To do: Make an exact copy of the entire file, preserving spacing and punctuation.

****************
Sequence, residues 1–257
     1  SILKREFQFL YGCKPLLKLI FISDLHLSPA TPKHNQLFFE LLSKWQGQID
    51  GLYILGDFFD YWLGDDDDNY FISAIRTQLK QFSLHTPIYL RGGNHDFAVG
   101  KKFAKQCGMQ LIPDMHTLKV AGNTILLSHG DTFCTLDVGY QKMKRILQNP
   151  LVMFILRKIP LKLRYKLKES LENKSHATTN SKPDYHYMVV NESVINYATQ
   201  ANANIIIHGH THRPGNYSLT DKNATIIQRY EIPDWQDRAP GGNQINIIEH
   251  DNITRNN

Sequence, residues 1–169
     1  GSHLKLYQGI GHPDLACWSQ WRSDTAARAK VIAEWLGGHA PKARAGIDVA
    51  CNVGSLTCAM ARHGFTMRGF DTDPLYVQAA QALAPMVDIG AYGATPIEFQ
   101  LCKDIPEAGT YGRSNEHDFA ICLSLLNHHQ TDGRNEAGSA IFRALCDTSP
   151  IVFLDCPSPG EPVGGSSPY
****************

Sequence, residues 1–257
     1  SILKREFQFL YGCKPLLKLI FISDLHLSPA TPKHNQLFFE LLSKWQGQID
    51  GLYILGDFFD YWLGDDDDNY FISAIRTQLK QFSLHTPIYL RGGNHDFAVG
   101  KKFAKQCGMQ LIPDMHTLKV AGNTILLSHG DTFCTLDVGY QKMKRILQNP
   151  LVMFILRKIP LKLRYKLKES LENKSHATTN SKPDYHYMVV NESVINYATQ
   201  ANANIIIHGH THRPGNYSLT DKNATIIQRY EIPDWQDRAP GGNQINIIEH
   251  DNITRNN

Sequence, residues 1–169
     1  GSHLKLYQGI GHPDLACWSQ WRSDTAARAK VIAEWLGGHA PKARAGIDVA
    51  CNVGSLTCAM ARHGFTMRGF DTDPLYVQAA QALAPMVDIG AYGATPIEFQ
   101  LCKDIPEAGT YGRSNEHDFA ICLSLLNHHQ TDGRNEAGSA IFRALCDTSP
   151  IVFLDCPSPG EPVGGSSPY